Po Boy Views
Lost And Found
Boy, the Olympic torch didn’t stand a chance this year. It was a case of ‘Send in the next frothing self-incendiary activist!’ Talk about raining on somebody’s parade! Have you followed this? Harried all the way across Europe and then, get this, flown from Paris to San Francisco, put up in a major hotel with no less than six decoy/replacements and probably sent across the Pacific in a nuclear submarine, disguised as a pregnant geisha with garlic breath. If I was the torch I would have just said “drop me off in New Orleans, I’d rather sip a PBR at Parkway and shake my booty to Kermit!”
Paraskevidkatriaphobia is something you may have to deal with this month; however, Dr. Donald Dossey reports that when you can pronounce the word you will be cured. And I always thought the term was friggatriskaidekophia. Silly me, and by the way, those words are not describing exotic Greek pastries.
Well, optimism abounds (not!) here in the Quarter where the hurricane season kicks off with dire warnings added to an unreliable economic future. The convention arena participants will see their travel insurance double, gas prices will make it financially unreasonable for short trips in and out of the city, and the merchants will be jerked around by the city’s tourist agencies that promise pie in the sky and the next wave of free spending tourists that never show up.
In the face of all that, there are still new businesses that decide to buck the odds and stake a claim as a real French Quarter Shop owner.
As a bookshop co-owner in the thick of it, I can tell you about my neighbor shops that have hung in there, a lot of times working seven days a week for months on end. The Glorias and the Gingers and the Jasons who came back knowing how hard a row it’s been, is and by looks of it, will be to gain traction on the treadmill in the small merchant financial gymnasium.
Anybody looked around the Quarter lately? Shops that didn’t make it back from the storm still shuttered, old businesses that came back leaving for the promise of a better life on Magazine Street or just folding their tents, like the Arabs of old and slipping off in the night. Two small grocery stores gone, the only hardware store considering selling, the shoemaker that never came back, galleries having liquidation sales and restaurants still on partial operating schedules.
With rents either out of control or at least, unreasonable, it’s hard to find a small start up entrepreneur willing to risk their shorts to give it (business) a go. Unless you have a landlord like we do, most of them are unreasonable, illogical and/or immovable on their attitudes and concepts of what is best for the French Quarter. And I can tell you from firsthand knowledge, some are squarely immoral in their business philosophies. But that’s another story.
As far as living in the Quarter goes: the fact is that, with two thousand buildings sharing a mere square mile, it does seems a trifle weird that we have less than four thousand residents; that is, until you look up to see how little use there is being made of properties above shops and how many living spaces have been turned over to condominiums owned by out of state part timers. It’s all fun and games until you look for a real post office, a gas station, baby wipes, auto parts or anything second hand. You go up Magazine for that stuff (or out to the ‘burbs) where the placement of a plant, flag, sign or sandwich board is not taken as much of an issue, there’s adequate street lighting and the parking Nazis aren’t nearly so militant.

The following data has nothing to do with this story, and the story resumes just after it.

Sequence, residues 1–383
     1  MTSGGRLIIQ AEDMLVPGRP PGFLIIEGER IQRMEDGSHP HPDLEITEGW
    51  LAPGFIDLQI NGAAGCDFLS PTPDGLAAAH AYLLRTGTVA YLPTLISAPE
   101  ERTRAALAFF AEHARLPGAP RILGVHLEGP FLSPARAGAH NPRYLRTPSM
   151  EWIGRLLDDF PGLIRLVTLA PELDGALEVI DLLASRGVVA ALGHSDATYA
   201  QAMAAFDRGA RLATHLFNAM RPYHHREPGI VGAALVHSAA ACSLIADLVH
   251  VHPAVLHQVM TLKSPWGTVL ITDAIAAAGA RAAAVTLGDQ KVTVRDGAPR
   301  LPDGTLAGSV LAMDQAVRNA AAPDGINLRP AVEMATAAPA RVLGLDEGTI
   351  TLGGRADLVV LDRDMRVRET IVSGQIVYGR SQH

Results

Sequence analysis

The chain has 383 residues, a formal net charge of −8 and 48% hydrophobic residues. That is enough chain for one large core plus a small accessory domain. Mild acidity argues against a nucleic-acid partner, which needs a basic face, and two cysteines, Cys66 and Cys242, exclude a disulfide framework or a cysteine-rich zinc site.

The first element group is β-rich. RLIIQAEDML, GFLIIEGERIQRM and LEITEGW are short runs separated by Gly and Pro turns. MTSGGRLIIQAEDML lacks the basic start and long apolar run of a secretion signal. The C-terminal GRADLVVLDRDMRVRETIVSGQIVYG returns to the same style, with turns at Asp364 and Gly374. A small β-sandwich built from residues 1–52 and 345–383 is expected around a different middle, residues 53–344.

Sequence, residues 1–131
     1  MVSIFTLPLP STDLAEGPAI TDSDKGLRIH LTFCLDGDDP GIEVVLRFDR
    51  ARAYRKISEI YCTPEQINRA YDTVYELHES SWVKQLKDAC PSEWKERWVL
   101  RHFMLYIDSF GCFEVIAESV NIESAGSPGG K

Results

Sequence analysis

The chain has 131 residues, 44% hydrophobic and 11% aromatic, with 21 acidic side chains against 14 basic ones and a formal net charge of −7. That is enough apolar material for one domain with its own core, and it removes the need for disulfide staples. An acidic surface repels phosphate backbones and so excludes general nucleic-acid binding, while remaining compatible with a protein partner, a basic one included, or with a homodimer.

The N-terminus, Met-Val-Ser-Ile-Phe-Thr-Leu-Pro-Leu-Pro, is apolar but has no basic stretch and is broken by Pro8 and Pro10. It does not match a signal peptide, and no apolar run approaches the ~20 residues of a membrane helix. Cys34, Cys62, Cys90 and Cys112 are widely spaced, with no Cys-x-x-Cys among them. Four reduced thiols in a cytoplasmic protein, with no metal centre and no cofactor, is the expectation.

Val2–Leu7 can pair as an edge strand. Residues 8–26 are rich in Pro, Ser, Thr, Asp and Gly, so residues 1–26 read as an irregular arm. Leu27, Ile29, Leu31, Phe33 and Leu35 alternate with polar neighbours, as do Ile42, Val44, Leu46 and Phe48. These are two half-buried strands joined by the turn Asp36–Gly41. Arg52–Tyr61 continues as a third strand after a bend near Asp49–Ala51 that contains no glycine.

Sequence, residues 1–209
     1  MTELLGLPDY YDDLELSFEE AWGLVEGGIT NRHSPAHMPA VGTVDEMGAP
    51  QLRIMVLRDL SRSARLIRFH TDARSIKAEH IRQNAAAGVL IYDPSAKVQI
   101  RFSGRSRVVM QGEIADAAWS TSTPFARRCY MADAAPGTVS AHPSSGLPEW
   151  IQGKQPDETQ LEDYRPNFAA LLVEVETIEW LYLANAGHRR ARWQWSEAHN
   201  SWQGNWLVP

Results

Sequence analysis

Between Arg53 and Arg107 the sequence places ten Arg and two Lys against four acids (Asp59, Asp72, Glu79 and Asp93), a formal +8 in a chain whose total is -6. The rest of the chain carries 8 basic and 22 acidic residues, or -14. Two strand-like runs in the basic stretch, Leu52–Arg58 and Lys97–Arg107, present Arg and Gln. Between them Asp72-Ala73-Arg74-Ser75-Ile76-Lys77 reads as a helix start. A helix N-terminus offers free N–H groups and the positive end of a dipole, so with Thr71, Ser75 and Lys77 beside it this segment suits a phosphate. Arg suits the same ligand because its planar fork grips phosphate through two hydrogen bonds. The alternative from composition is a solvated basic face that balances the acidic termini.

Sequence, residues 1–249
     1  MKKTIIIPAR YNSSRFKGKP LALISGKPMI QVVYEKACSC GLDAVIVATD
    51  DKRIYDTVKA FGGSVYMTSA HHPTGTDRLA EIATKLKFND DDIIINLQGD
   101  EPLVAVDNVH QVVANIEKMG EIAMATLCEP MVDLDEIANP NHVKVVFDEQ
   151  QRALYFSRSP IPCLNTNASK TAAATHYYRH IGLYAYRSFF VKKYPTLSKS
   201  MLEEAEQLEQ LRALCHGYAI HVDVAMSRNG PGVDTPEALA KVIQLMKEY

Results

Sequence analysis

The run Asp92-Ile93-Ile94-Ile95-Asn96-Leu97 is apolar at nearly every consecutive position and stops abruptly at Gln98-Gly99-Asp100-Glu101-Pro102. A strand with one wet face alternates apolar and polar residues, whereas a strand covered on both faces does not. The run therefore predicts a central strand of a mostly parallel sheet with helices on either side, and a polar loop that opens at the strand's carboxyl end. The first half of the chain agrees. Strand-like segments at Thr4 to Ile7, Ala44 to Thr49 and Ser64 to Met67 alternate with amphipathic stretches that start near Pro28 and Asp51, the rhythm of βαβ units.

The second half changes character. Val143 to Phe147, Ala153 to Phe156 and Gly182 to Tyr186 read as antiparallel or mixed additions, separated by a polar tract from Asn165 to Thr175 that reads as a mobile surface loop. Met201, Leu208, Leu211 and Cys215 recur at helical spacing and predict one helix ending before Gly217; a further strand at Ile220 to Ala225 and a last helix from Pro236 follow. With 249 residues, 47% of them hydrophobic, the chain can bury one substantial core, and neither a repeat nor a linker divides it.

Well hope springs eternal, and here comes a newbie named Jen at the freshly opened Lost And Found who has decided to cast her fate, fortune and future to Chartres Street, the kindness of strangers and faith in the uniqueness of her inventory She is joining the ranks of us gamblers of commerce that have staked our claim to the successes of our enterprises. Welcome.
I am a believer in the value of neighborhoods and the worth of likeminded and like suited human enclaves. The areas that America, both corporate and political are trying to have us abandon. I feel warm when a person on the street is someone that I can hail, wave to…and/or hug. I’m a sucker for anyone who knows me by name, face or whatever little reputation that I have left. And so, I play my part as well… I’m real picky as to where I spend my money, where I purchase my gifts, where I eat my meals and who I deal with. Just like you, right?
Face it, the little guy in this country is taking a beating. Our economy is not geared for gifted starry eyed would be up and comers, and certainly not in the French Quarter if in New Orleans at all. Hell, us crusty hard nosers are being tested every day. We applaud newcomers for having faith and the willingness to keep it.
Economically the facts are: rents are through the roof, leases are generally short term, tenants rights are nil. You cannot afford to hire staff that lives locally because the working stiff needs to be able to pay rent (not easy for a ten dollar an hour guy to pay a thousand a month for rent) and with gas prices… well?
Say I was the most talented cook in the world, made my bones in some class joints and was ready to spread my wings and my message; what’s my next move? Not New Orleans. Back in the day it was affordable; I know because I did it--- not once but twice, because I could afford to do what I wanted to and not have to prostitute (yes I said that) my food because the landlord wanted a pound of flesh every month. How many businesses can say that today?
Your assignment this month is to pronounce paraskevidekatriaphobia three times and to pray for an infusion of sanity and a safe hurricane season. There’s no place like home.